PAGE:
Perfume in Thailand
Thai Perfumes are comprised of several kinds of fragrant cosmetics. In the old days, ladies would wear perfume everyday while men would do so on some special occasions. Thai Perfumes could be divided into four categories as follows:
1. Water-based perfumeries: Nam-Ob Thai (eau de toilette ) and Nam- Proong (eau de cologne);
2. Oil-based perfumeries : Fragrant oils, Tani oil (thick body oil), and fragrant lip balm;
3. Powdered perfumeries: Fragrant talc, Sarapee talc (siamensis Kosterm), Poung talc, Kra-jae talc, powdered nutmeg, powdered Kamin (Curcuma domestica Valeton), and Juang;
4. Scent chewing herbs: Mak-Hom, Niam leaves, Ganploo (Syzygium aromaticum), and nutmeg.
These perfumeries may be applied together with each other, such as Kar-Jae talc is mixed with Nam- Ob Thai, or individually used such as scent talc for powdering.
Pang-Ram (Scented talc)
Pang-Ram is made of naturally white talcum powder. It is ground into fine particles and mixed with other fragrant herbs or perfumeries, i.e., kameyan, Magrood (lime)’s peel (Citrus hystrix), Chamod ched (Viverricula malaccensis), saffron, alum, and red cane sugar.
Ladies would directly powder their skin with dry Pang-ram, or melt it with Nam-Ob Thai before applying it. The Pang-ram could reduce skin irritation caused by heat or pollen. Thai people use Pang-ram after taking a bath.
NEW YEAR TRADITIONS
The most obvious celebration of Songkran is the throwing of water. People roam the streets with bowls of water, water guns, or even a garden hose, and drench each other and passersby. This, however, is not the heart of this festival. Not many people, even the new generation of Thais, realize that Thai ancestors started this festival to teach their descendants some important things. This festival teaches people to come home to visit their parents, pay respect to them, and usually bring them a small gift. Mother and Father have given to their children so much, and this is the time that children show them that they recognize their parents' favor. People also visit their older neighbors to keep the good relationships and to pay respect to the elders around the neighborhood. For these reasons Songkran days are also considered the family days and the elderly days.
People go to a wat to pray and give food to monks. They also clean Buddha images in temples with water and gentle Thai perfume , as it is believed that this will bring good luck and prosperity for the New Year. In many cities, such as Chiang Mai, the Buddha statues from all of the wats in the city are paraded through the streets so that people can wash them as they pass by. People carry handfuls of sand to their temple too in order to recompense the dirt that they carry away on their feet during the rest of the year. The sand is then piled into large, tiered piles and decorated with colorful flags. Later in the day, people also do community services. Going to wat and doing community service teach people to give, the most basic way to happiness in Buddhism.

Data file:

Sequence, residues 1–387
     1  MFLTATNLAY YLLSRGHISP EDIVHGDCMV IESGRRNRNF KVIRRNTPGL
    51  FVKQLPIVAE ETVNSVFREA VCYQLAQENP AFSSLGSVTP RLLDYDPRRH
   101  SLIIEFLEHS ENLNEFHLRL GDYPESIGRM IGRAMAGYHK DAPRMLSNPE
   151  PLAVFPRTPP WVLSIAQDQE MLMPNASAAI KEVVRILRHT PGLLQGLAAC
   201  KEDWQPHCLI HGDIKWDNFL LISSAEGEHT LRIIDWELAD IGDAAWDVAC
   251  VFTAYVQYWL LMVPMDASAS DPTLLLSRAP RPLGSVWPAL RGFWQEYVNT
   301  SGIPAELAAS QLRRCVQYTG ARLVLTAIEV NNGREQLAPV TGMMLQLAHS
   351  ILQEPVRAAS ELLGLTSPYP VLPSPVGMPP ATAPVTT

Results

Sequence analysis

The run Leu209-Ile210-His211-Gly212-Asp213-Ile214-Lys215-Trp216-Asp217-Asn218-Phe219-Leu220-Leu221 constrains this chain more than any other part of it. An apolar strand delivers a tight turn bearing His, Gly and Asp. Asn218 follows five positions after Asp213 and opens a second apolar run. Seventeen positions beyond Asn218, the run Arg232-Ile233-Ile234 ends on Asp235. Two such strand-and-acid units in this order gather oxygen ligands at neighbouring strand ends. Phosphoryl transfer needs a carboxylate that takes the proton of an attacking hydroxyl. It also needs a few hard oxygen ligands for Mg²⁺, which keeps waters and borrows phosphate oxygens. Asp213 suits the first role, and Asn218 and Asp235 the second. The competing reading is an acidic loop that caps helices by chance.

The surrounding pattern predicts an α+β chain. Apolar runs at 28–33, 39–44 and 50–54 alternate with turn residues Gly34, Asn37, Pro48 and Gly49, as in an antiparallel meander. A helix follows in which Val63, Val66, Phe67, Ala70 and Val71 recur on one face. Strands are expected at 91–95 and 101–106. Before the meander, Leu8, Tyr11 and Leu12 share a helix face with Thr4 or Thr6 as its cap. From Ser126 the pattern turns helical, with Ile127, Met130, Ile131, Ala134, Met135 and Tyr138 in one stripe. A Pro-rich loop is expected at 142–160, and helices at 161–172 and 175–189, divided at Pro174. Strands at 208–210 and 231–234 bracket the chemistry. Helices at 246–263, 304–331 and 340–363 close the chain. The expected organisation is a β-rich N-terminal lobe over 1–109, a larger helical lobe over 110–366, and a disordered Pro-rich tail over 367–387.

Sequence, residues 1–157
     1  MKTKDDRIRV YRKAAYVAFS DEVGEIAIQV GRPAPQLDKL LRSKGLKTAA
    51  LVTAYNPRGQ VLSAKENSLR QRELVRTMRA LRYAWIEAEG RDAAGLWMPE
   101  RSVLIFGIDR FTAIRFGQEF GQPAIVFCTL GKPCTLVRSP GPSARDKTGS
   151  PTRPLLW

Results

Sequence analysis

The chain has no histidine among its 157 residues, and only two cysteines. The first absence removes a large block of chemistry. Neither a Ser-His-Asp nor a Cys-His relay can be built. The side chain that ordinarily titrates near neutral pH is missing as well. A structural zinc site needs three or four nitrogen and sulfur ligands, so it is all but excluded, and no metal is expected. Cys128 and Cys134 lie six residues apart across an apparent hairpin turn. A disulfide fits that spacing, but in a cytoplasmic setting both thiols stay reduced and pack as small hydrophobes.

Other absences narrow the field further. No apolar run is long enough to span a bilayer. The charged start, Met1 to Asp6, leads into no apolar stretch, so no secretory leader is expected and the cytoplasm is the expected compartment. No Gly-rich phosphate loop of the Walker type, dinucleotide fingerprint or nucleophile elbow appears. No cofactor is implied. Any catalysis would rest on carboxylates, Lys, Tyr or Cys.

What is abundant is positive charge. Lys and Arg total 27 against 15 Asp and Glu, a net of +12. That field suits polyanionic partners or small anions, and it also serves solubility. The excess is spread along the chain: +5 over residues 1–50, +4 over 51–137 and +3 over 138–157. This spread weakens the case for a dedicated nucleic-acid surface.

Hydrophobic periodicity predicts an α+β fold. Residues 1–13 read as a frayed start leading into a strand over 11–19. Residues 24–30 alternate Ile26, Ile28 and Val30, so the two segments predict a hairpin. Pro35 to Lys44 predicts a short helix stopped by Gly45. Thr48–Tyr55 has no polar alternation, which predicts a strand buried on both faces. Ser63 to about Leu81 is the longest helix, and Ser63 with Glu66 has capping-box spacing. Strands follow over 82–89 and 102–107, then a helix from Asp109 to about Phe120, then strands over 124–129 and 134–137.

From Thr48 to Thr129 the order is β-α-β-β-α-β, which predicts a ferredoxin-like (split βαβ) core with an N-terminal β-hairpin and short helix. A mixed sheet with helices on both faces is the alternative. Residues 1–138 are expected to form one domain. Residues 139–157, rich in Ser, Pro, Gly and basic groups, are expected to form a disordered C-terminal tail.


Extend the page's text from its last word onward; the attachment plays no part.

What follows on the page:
Some people make New Year resolutions - to refrain from bad behaviour and to do more good things. Songkran is a time for cleaning and renewal. Many Thais take this opportunity to give their home a thorough cleaning.
The throwing water part was originated as a way to pay respect to people, by pouring a small amount of lustral water on other people’s hands as a sign of respect. The youths also do it in a more fun way. They splash others with water to relieve the heat, since April is the hottest month in Thailand (temperatures can rise to over 100°F or 40°C on some days). This has changed to water fights and splashing water to people on vehicles, a hallmark of Songkran as tourists know, as Thais assimilate more western cultures and technologies.
The use of plaster is also very common, having originated in the plaster used by monks to mark blessings.
Nowadays, the emphasis is placed on fun and water-throwing, rather than on the festival's spiritual and religious aspects, which sometimes prompts complaints from traditionalists. In recent years ,there have been calls to moderate the festival, as there are many road accidents and injuries attributed to some extreme behavior - water being thrown in the faces of travelling motorcyclists and elephant riding elders.
Stay Breezy, Breezers!